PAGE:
I am a disabled SAHM with Fibromyalgia, chronic migraines, Aspergers, PTSD (and a *whole lot more*) with 3 wonderful sons who all fall somewhere on the Autism Spectrum. Photography, writing my blog and poetry, and reading and writing book reviews are my sanity. I read just about every genre available - fiction, non-fiction, biographies, memoirs, romance, erotica and everything in between. Beyond that, I take life as it comes, one second at a time. :-)
on Feb. 25, 2012
Five is a coming-into-her-own/paranormal romance novel written by Christie Rich. As Rayla Tate is just beginning to figure out who she is and what she may want out of life, she also finds that life and the fae may have alternate plans in store for her.
When I first began reading Five, I wasn’t a fan. Christie Rich was incredibly detailed and descriptive when giving the reader as much of the back story as possible, without giving away any plot twists and turns that may be in store later on. While those are typically both good things to have in a novel, they just seemed to make the first few chapters sluggish and slow-moving. However, I later found myself reflecting back on every “sluggish and slow-moving” detail as I read-on.
Once the momentum picked up, it kept up a steady and engaging pace throughout the rest of the book. I found myself hanging on every detail, every description…essentially, everything that had irked me in the beginning now had me hooked. Christie Rich’s characters are very relatable and emotionally well-developed. She also has an ability to describe a setting and make you feel as if you are actually there, right next to the characters. I found myself experiencing the emotional ups and downs right along with Rayla as her life unfolds before her.
In the end, I found that I didn’t want Five to end. In fact, I have to keep stopping myself from going back and checking the end of the book…just to make sure I didn’t miss anything or there wasn’t more to read that I somehow over-looked. Christie Rich has made a fan out of me. And I know where I’ll be, on the edge of my seat, waiting for the next “Christie Rich novel” to be released.
“Love should be the great leveler: The thing that obliterates all other emotions into the insignificant rubble they are.” Rayla Tate, Five, written by Christie Rich, Chapter Sixteen, page 170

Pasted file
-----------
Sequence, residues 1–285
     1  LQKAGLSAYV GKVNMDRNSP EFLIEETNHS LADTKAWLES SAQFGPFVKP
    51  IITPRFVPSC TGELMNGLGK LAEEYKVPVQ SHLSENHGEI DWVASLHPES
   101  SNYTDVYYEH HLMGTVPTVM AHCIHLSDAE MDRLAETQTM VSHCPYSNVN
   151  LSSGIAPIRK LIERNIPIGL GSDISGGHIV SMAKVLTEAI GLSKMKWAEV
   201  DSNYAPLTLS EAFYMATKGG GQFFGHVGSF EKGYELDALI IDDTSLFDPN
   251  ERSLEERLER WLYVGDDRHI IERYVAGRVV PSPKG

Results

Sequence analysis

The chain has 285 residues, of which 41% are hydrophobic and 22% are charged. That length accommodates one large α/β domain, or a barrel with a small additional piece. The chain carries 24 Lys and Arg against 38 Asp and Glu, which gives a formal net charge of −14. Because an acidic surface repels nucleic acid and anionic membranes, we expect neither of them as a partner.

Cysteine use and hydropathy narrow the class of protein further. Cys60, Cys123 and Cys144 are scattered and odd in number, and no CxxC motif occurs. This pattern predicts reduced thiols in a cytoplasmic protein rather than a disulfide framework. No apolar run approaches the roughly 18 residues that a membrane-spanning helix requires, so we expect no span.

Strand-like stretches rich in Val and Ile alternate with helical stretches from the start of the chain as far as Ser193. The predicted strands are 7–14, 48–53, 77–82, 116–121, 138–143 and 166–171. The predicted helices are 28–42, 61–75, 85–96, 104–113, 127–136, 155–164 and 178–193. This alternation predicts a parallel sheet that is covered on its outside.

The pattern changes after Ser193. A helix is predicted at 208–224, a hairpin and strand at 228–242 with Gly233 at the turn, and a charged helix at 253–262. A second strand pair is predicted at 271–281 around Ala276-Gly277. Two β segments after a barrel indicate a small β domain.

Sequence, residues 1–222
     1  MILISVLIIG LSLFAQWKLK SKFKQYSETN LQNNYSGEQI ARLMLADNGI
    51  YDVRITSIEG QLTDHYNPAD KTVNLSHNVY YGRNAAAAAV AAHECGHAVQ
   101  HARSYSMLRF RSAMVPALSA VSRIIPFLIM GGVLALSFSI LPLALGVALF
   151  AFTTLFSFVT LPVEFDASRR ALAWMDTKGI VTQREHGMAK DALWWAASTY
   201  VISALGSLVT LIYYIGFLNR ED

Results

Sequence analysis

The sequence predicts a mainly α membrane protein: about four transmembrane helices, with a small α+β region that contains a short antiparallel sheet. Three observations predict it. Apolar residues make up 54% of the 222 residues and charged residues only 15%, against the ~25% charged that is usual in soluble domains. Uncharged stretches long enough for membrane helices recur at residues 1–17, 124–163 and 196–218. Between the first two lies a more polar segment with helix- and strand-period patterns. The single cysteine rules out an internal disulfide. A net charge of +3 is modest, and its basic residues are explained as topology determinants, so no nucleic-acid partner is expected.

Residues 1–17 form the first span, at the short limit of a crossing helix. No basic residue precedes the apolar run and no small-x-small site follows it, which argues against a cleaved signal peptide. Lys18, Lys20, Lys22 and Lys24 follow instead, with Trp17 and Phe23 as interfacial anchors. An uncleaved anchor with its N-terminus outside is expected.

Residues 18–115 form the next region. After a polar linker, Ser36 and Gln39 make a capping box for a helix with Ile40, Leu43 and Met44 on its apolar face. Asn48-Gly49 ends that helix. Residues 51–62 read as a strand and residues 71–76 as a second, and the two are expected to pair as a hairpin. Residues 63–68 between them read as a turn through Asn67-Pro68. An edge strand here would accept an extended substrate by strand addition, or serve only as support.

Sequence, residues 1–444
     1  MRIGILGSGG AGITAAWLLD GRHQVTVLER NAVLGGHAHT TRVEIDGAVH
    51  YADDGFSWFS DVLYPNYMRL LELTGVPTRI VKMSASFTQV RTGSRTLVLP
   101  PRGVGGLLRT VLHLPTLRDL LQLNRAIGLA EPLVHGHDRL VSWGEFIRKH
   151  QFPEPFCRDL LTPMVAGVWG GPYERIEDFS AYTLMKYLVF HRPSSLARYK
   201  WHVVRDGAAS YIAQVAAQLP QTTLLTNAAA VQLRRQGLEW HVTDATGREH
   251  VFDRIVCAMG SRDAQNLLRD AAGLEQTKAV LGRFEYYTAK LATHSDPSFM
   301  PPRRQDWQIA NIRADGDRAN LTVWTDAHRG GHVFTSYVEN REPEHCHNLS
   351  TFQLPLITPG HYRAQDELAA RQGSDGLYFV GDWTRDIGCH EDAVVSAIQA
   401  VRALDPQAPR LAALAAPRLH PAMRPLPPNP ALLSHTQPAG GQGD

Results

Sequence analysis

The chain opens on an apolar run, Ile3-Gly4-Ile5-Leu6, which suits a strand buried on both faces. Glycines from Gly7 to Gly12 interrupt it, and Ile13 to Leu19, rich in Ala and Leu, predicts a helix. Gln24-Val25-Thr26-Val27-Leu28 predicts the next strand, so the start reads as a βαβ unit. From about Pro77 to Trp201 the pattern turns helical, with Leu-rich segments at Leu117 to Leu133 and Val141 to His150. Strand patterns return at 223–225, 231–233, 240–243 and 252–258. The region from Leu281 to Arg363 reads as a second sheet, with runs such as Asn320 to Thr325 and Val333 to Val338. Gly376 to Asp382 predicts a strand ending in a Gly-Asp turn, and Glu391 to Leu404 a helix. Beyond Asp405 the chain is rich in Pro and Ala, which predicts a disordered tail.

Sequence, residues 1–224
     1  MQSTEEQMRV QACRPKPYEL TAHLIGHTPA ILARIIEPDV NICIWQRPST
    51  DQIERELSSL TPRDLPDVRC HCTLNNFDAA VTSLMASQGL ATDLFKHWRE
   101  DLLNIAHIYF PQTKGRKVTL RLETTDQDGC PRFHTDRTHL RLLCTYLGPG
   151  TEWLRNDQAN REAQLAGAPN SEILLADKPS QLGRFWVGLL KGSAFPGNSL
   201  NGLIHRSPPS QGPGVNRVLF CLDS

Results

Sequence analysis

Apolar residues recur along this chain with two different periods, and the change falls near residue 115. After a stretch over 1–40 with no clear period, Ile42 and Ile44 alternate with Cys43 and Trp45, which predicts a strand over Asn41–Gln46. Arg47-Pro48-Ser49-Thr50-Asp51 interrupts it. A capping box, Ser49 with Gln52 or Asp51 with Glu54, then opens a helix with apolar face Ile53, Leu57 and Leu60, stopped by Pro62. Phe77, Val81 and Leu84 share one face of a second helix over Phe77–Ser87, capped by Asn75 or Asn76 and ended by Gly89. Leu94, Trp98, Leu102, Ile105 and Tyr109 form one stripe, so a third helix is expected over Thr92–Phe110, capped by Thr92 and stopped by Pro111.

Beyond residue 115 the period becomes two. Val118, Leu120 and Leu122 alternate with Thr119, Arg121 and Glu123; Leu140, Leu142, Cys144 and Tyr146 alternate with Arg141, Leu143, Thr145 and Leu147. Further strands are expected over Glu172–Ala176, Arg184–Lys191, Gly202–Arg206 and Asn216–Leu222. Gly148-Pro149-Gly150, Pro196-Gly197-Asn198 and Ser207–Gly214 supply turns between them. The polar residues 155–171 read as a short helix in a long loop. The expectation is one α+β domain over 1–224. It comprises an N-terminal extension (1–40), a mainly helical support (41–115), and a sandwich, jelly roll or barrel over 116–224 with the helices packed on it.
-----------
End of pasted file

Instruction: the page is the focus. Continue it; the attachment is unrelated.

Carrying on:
(I was given this book to review.)
A Marked Past
on March 30, 2012
For Lyla Mercer, life couldn’t possibly get any better. She has a best friend and a boyfriend who love her and a newly secured spot on the Varsity Cheerleading Squad. Yup, life is darn near perfect. Until a freak, car accident murders her father on her “perfect day”. That one tragedy sets into motion a chain of events that Lyla never could have imagined. The question is, is she ready to accept all that she’s about to learn?
When I started to read A Marked Past, written by Leslie Deaton, I was immediately taken with how skillfully she was able to capture not only my attention but my emotions, as well. From the first sentence of chapter one, I was hooked. However, I wasn’t expecting such an emotional roller coaster ride right from the start. I found myself so wrapped up in the plot and the emotions of Lyla’s story that I actually had to put the novel aside for a few days and take a break because reading it was leaving me ‘emotionally raw’. (Yes, I can really be that big a sap.) Sappiness aside, I have never had a novel affect me that quickly.
The only issue I really had with A Marked Past were the frequent typo’s which occasionally made reading the novel a bit more difficult. However, they were honestly more of an annoyance and slightly unprofessional in appearance than anything else. And truly, in the grand scheme of all things novel related if that’s the only complaint I have (and it is!) then there isn’t much to worry about.
Typo’s aside, I was hooked and invested from line one; I couldn’t wait to sit down each night and read on to uncover more of Lyla’s story. While parts of the plot were fairly easy for me to figure out before they were revealed; there were still plenty of twists and turns to keep me guessing and on my toes.